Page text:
We can only hope that the millions around the world who have been inspired by the best in us, even as they always saw our defects, will remember that this is in no way a majority Presidency, and that what is done in our name is not what the majority of us tried to choose.

webbI am certain that Emma Lazarus would have welcomed these words, even as she cried with us. (Statue of Liberty plaque poem here.)

 

For White Voters, It Was Education, Stupid

Nate Silver focuses on education’s impact on the result of the election, and on polling error.

The first conclusion: Education was almost everything in explaining the results of the race. Donald Trump substantially improved on Mitt Romney’s performance among voters without college degrees — especially white voters without college degrees. Hillary Clinton somewhat improved on President Obama’s performance with college-educated voters. The link between education levels and the shift in the vote is robust, even when controlling for other factors, such as income levels.

As the bottom of those links says:

First, it’s clear from the exit polls that for white voters, every bit of extra education meant less support for Trump. That is, it wasn’t just a matter of attending college or getting a degree. While much has been made of the college and non-college divide (which is stark), Trump actually won whites who earned only a bachelor’s degree by a fairly wide margin. Just as big a gap was between the votes of those who graduated from college and those who went to graduate school. The latter group supported Clinton in much larger numbers.

And, with respect to polling, going back to the top linked and quoted post:

In the 10 states with the largest share of white voters without college degrees, Trump beat his polling average by an average of 8 percentage points — a major polling miss. But in the 10 states with the lowest share of white voters without college degrees, Clinton beat her polls by an average of 3 points (or 4 points if you count the District of Columbia as a state). Overall, the correlation between the share of white non-college voters in a state and the amount by which Trump overperformed (or underperformed) his polls is quite high.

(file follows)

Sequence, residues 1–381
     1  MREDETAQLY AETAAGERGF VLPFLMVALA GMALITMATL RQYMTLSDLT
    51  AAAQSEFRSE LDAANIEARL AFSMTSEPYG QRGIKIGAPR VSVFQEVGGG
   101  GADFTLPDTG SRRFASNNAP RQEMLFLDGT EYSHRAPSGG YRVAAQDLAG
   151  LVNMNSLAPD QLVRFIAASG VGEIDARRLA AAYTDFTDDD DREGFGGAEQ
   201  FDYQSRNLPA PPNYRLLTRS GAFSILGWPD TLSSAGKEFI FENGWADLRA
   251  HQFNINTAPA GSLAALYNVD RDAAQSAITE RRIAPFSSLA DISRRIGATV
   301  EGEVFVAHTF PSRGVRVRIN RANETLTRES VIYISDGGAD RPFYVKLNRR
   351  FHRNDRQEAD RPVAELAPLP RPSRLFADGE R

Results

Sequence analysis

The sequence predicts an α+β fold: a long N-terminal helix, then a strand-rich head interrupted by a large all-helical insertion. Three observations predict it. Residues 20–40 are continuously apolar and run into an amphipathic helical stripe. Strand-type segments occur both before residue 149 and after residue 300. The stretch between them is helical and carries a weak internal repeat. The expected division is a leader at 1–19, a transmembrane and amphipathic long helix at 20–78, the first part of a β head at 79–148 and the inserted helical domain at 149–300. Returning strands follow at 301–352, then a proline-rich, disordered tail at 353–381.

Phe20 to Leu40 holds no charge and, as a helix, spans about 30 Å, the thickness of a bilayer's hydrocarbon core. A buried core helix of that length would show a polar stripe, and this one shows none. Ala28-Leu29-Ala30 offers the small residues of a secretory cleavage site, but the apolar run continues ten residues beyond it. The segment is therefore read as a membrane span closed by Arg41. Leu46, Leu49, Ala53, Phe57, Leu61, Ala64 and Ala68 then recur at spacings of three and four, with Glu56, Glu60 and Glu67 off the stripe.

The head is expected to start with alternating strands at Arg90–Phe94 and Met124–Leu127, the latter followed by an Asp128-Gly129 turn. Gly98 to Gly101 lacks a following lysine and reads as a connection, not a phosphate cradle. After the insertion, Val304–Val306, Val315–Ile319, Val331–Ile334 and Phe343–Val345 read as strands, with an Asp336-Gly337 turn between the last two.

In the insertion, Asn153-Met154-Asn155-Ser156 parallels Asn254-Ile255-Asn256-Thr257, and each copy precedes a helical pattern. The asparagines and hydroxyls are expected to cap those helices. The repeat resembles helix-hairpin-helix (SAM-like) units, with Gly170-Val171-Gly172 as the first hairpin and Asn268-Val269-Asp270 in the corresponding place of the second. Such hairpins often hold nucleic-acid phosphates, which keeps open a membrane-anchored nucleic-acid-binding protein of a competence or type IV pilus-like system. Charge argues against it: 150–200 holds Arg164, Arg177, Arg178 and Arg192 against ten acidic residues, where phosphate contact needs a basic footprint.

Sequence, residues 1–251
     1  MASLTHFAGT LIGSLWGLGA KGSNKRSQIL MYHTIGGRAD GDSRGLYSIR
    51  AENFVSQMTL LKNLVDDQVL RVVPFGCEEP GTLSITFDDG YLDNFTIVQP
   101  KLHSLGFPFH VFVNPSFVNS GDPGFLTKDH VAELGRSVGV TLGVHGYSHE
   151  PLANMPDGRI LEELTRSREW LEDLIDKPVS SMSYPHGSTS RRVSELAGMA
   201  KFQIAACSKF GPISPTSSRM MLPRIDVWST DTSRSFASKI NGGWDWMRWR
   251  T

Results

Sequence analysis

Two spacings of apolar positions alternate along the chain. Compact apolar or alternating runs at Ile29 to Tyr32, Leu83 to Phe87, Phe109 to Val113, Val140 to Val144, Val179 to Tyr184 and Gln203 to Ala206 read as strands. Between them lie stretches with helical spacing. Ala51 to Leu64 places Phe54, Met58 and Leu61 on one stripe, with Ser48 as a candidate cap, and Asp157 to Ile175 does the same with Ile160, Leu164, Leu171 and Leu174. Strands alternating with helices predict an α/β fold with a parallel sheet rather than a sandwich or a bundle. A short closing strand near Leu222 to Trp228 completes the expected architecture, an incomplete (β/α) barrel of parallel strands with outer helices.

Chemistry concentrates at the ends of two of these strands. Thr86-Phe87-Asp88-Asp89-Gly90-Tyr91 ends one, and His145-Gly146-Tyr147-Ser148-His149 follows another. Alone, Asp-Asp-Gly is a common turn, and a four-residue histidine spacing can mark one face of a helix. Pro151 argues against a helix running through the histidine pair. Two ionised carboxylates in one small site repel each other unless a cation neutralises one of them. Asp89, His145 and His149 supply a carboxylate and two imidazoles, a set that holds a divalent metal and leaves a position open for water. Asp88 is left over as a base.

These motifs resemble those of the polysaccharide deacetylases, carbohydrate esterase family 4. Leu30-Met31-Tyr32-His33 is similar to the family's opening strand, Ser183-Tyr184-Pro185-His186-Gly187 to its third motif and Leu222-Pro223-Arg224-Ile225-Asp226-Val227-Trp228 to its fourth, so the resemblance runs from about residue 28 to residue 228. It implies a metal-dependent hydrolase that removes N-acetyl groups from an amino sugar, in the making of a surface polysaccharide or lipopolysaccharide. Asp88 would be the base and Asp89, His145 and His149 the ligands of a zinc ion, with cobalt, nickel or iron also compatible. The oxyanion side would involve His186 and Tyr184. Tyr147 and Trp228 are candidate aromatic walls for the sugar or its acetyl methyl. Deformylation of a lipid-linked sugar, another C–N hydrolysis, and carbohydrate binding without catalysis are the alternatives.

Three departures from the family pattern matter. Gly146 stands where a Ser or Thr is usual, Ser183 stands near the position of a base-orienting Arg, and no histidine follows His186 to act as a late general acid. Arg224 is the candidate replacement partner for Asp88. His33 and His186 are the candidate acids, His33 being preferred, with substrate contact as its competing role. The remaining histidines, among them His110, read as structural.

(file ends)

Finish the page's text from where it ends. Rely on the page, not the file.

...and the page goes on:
Following a complex regression, Nate concluded:

The share of non-college white voters was still a highly statistically significant predictor of the polling error, although Romney’s performance in 2012 was too.

Nate concludes that to reduce the reduce the error caused by likely under sampling of less educated voters:

But most pollsters apply demographic weighting by race, age and gender to try to compensate for this problem. It’s less common (although by no means unheard of) to weight by education, however. As education levels increasingly cleave voters from one another, more pollsters may need to consider weighting their samples accordingly.

I am unable to resist the point that if it turned out that more educated non-white voters voted more like white voters in general, surely some commentators would be advocating for limiting the franchise for non-whites to those with with more education.

Focusing Research To Support an “Appropriate Unrigging” Agenda By Getting Beyond Symptoms

If I am right that our change strategy has to be based on understanding how Trump voters and potential Trump voters think about the term “rigging,” then we need to be doing research that shows how and why the system is rigged, and for whom.

My own personal feeling that much of the problem is that research, after currently being mediated through the media, ends up reporting on symptoms, but not on causes and dynamics.  For example, the recent numbers on suicide, health and life expectancy in declining counties did get widely reported, but I bet they made it through as just that, leaving the impacted population to fill in their own “low information” explanations, that probably focused on external threats, (drugs and foreign competition), rather than lack of opportunity caused by American corporate decisions, lack of health care caused by Republican de-funding, etc. (That hypothesis in itself would make a fascinating research project)

While we can not reshape the media, at least in the shot term, I fear, we can start to do research that focuses not so much on the symptoms, but on government and corporate behavior, with symptoms as only the afterthought, and with analysis of the mechanisms of the impact that causes those symptoms.